How to organize your issue dependencies in Jira

Let's suppose that you're a developer that is using Jira. A new sprint has just started and you will be able to start working on the issues that you've selected for it, alongside your colleagues. But oh noes, the sprint seems rather big in scope and the issue links section is looking like this for most of the issues:

link example

After seeing something like that, you have no idea where to actually start, since everything seems to depend on everything else. Perhaps you even feel like there's a possibility of there being circular dependencies that somehow got confirmed and put into the sprint, because noone actually cared to check (or didn't know how to).

Now, sometimes online you'll find examples of lists of tasks looking like this:

export plan data

In these cases, the tasks have clear start and end dates (well, at least as far as the planning goes) and in those cases you can make something similar to a Gantt chart. Sadly, this doesn't always coincide with reality! In my company, as well as in many others, people only have an approximate idea of how long any individual task will take, not plan it all out, especially since that would take even more time and clients don't enjoy waiting that much. So, in reality, roadmaps are often impossible to do on a granular level, apart from figuring out which sprints should be done first.

So, what can you even do about situations like this?

Now, normally i'd hope that Jira supports this sort of functionality, but this appears not to be the case, since this doesn't appear to be available in all versions of Jira, though there is some weirdness in the Dependencies report page in the documentation anyways. Essentially i didn't get a clear answer after glancing at the pages, however after digging through our corporate Jira instance, i didn't find any views or functionality like described there. Thankfully, that's not a show stopper for me!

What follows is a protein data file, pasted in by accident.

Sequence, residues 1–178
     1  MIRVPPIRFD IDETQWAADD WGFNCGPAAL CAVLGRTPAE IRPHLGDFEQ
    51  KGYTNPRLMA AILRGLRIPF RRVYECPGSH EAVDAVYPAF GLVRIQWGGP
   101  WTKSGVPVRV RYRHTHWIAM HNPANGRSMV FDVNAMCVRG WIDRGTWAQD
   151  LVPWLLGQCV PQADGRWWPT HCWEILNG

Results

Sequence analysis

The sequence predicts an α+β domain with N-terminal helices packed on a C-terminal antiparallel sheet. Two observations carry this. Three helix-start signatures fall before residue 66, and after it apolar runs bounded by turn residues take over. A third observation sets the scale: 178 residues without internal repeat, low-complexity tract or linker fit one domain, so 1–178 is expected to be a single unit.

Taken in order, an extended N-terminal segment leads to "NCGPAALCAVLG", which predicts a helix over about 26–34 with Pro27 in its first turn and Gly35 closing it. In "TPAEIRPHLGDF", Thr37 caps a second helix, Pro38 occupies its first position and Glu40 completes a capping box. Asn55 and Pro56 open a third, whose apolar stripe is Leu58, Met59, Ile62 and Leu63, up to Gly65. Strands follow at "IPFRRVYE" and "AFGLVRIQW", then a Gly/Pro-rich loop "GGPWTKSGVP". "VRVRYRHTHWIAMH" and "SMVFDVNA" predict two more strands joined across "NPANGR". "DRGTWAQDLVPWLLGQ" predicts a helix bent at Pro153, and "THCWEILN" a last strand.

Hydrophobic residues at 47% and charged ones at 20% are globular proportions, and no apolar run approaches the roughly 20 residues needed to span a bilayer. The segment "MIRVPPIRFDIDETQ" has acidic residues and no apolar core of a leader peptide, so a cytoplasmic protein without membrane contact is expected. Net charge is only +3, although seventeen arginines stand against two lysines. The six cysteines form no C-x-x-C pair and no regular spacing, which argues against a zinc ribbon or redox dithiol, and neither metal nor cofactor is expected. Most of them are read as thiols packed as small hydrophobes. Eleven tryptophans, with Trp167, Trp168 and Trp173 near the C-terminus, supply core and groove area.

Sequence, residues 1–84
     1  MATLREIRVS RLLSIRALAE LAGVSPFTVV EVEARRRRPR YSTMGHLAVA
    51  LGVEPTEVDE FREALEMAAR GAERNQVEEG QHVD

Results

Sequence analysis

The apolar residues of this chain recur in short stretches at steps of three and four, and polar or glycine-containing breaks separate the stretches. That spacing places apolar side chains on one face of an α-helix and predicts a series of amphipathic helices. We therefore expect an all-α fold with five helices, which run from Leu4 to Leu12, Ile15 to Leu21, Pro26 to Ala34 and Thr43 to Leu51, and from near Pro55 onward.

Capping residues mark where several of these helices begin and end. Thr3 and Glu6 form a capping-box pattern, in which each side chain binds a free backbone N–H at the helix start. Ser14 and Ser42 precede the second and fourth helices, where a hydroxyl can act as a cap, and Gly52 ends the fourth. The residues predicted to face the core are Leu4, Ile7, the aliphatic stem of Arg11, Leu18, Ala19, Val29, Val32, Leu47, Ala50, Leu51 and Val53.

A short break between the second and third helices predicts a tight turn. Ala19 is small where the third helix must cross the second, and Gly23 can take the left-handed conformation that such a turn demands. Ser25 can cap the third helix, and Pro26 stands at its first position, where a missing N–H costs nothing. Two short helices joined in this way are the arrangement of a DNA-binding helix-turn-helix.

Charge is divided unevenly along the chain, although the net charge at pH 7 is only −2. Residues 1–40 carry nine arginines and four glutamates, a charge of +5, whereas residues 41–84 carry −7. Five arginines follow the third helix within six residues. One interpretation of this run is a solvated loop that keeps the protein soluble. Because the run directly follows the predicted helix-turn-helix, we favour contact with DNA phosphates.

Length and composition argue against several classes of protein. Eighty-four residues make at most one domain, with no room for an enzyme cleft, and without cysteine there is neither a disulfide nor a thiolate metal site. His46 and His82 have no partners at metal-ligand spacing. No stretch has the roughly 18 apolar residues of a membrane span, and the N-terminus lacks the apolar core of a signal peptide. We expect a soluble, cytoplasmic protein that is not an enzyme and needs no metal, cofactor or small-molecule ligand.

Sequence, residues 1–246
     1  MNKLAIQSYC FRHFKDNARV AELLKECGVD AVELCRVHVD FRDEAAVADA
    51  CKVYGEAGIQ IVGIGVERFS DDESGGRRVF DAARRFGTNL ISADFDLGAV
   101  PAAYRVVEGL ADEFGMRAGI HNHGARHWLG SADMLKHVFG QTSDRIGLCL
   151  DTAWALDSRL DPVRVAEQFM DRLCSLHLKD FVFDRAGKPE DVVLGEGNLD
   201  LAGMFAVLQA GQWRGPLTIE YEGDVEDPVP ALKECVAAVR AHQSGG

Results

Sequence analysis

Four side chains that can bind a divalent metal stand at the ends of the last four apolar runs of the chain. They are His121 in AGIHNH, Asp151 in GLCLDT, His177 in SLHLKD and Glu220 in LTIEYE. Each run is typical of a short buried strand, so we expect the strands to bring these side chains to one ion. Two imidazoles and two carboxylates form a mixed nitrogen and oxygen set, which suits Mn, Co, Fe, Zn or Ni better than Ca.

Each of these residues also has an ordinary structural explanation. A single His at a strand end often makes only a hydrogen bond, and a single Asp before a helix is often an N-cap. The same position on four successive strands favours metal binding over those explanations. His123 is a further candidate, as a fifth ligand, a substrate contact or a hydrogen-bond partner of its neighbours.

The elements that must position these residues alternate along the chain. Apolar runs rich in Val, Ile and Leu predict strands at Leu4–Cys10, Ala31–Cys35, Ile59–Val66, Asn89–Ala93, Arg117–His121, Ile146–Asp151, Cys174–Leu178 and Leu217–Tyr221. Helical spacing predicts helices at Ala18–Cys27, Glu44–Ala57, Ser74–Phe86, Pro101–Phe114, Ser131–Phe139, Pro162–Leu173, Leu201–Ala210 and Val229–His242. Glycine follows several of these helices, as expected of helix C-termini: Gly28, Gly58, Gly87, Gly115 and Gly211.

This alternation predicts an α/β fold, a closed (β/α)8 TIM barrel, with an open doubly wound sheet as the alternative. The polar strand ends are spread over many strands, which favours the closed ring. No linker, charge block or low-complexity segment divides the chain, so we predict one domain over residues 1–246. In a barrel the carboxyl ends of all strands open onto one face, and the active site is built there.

Jira Issue Dependency Grapher

Fear not, Jira Issue Dependency Grapher is here! It's a tool in Python that i wrote with the purpose of being able to visualize these dependencies and perhaps even detect some issues a lot easier! Essentially all of this was possible, because Jira allows using its REST API and there's even a Python library for it:

python jira example

Now, while writing this tool, i did run into some issues, for example, the fact that there are some problems with using the Personal Access Tokens that the self-hosted variety of Jira supports, which lead to things not working quite like they should at first, despite everything being okay on Jira's side:

token example

Thankfully, that was easy enough to fix, so now, you can get the software in my GitLab instance!

Essentially, you check out the repository, install all of the dependencies and then fill out the .env file with your own parameters:

# the JIRA_URL is where your Jira server lives
JIRA_URL=https://jira.yourcompany.com
# we use your e-mail as the username when using token auth
JIRA_USERNAME=firstname.lastname@yourcompany.com
# we need your access token (NOT your password) to access Jira
JIRA_ACCESS_TOKEN=12345678912345678912345678912345678912345678
# decide between SIMPLE and ORDERED, or ORDERED_MARK_LOOPS draw modes
DRAW_MODE=ORDERED_MARK_LOOPS